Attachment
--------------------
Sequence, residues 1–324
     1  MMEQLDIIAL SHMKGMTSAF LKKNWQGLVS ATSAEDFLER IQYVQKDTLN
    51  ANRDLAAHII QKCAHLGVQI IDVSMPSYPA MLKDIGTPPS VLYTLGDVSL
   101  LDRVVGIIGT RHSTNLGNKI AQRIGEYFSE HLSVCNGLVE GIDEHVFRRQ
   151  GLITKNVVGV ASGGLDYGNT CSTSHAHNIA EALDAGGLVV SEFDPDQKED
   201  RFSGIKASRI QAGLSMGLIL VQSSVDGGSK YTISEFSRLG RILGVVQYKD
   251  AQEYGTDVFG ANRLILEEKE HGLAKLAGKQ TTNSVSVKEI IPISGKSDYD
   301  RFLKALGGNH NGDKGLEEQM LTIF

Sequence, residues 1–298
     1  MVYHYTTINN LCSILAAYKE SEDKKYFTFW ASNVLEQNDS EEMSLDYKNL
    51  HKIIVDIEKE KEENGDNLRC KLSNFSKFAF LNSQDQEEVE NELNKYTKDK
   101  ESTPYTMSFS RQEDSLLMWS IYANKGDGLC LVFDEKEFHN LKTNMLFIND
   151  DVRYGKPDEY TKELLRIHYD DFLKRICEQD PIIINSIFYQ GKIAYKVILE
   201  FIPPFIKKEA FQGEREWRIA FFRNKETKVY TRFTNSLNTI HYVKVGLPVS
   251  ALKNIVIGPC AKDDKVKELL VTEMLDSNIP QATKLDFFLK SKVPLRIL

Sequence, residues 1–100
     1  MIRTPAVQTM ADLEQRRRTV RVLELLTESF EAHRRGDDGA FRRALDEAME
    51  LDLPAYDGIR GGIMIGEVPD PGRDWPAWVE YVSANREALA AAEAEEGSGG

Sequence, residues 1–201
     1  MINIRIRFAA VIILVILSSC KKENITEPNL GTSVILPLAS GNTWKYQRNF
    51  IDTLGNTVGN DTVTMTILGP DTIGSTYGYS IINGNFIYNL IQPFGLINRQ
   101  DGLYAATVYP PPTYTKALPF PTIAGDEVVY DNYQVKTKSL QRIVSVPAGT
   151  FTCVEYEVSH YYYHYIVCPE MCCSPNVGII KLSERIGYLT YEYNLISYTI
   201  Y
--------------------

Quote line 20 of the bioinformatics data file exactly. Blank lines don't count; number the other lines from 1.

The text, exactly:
     1  MINIRIRFAA VIILVILSSC KKENITEPNL GTSVILPLAS GNTWKYQRNF